The cost of housing in Silicon Valley is astronomical, forcing many relatively well-paid workers into less-than-desirable living situations. In fact, Silicon Valley is one of the most economically unequal places in the world. There’s a reason why Task Rabbit thrives in the Bay Area: Teachers, police officers, nurses, and other employees working in professions that are critical to a functional and safe society often cannot afford to live in the communities they serve without trying to monetize their every waking minute.
Personally, I’m glad I live in a metropolitan area where I can afford a decent home without having to pick up someone else’s dry cleaning. In fact, earlier in my career, I had opportunities to move to California for jobs that offered a significant salary increase. However, that salary increase was more than eaten up by the cost of living. In other words, a 20% raise and a move to Silicon Valley would end with me, my wife, and our three kids moving from a home with enough space for all of us to a 600-square-foot apartment.
When I envision that scenario, I immediately think of those movies where unsuspecting tourists get sent to a cramped prison cell in Thailand.
For a whole lot of people, Silicon Valley is exactly the community they want to live in, and they can either afford the high cost of living or find Task Rabbiting their way through what little off time they get to be a perfectly acceptable way to live.
And that’s okay.
However, it doesn’t mean that other cities should strive to recreate Silicon Valley. Branding your city “the next Silicon Valley” is also an exercise in futility. Silicon Valley has its roots in the defense industry and the need to protect the West Coast during World War II. Before the Japanese blew up Pearl Harbor, the west coast wasn’t the center of American innovation. Instead, cities like Chicago, St. Louis, and Detroit were the birthplaces of some of the country’s biggest and most innovative companies.
We should build a Silicon Prairie that isn’t an imitation of Silicon Valley, but instead is a place where a low cost of living means that a full-time worker (whether he or she is a programmer or 4th grade teacher) can afford to buy a home and spend their off-time enjoying the community they live in.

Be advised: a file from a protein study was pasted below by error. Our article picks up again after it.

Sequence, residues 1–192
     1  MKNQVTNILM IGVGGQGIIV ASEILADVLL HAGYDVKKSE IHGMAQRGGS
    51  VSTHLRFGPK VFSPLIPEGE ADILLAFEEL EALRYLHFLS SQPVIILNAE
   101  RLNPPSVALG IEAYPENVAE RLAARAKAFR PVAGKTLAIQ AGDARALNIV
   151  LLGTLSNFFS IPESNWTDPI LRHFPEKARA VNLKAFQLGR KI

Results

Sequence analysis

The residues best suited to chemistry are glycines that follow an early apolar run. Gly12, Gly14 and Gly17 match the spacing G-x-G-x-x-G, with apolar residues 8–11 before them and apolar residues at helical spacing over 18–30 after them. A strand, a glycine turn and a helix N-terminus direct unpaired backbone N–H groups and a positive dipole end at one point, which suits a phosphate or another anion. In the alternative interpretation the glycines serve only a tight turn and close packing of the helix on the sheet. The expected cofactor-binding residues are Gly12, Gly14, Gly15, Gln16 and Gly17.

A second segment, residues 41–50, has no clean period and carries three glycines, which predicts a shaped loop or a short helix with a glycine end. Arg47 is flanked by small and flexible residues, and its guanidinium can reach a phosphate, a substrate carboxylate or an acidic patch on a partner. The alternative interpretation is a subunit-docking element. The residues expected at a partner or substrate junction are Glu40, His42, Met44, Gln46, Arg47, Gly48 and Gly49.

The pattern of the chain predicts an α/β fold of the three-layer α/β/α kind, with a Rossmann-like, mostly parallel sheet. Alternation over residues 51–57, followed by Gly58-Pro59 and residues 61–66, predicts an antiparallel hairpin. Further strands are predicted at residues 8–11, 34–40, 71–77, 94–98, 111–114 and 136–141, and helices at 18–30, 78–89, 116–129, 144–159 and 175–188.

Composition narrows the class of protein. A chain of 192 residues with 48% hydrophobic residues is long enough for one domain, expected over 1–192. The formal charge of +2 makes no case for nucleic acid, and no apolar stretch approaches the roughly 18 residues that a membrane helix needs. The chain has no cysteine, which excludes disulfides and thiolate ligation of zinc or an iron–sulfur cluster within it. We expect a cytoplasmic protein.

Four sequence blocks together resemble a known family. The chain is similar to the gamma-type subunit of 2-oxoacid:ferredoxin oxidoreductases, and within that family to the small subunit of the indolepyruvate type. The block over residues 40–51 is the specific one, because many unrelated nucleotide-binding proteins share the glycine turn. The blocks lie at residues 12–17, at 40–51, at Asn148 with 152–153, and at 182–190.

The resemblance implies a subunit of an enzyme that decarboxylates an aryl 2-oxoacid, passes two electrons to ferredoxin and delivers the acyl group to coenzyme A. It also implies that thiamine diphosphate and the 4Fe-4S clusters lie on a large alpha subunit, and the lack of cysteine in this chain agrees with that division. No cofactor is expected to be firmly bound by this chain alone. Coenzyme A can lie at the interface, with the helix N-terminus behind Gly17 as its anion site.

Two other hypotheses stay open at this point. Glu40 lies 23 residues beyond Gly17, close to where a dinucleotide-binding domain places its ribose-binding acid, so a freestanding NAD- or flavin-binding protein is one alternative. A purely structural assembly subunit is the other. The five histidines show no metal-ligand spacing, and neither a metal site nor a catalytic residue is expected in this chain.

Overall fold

A few years ago, I was invited to visit the San Francisco offices of LinkedIn. During my visit, several employees mentioned the extraordinary cost of living, the fact that they knew they could never afford to raise a family in the city, and how frustrating and demoralizing it was. They had great jobs, could smell the ocean 24 hours a day and lived in one of the world’s most beautiful and unique cities—but many of those workers couldn’t afford to enjoy it.
I can’t smell the ocean from my front yard, but I do live in a unique and beautiful city. I don’t want to see that city become the next Silicon Valley. I want to see it become the best version of itself it can possibly be, and I believe that making that happen will depend on creating a base of technology-focused jobs.
Let’s let Silicon Valley be Silicon Valley. It can be the place where you find gigantic social media companies, good seafood (it’s true), and teachers living in vans.
And the Silicon Prairie can be home to great cities, good BBQ, and communities where teachers can still afford to live down the street from the founders of pretty exciting startups.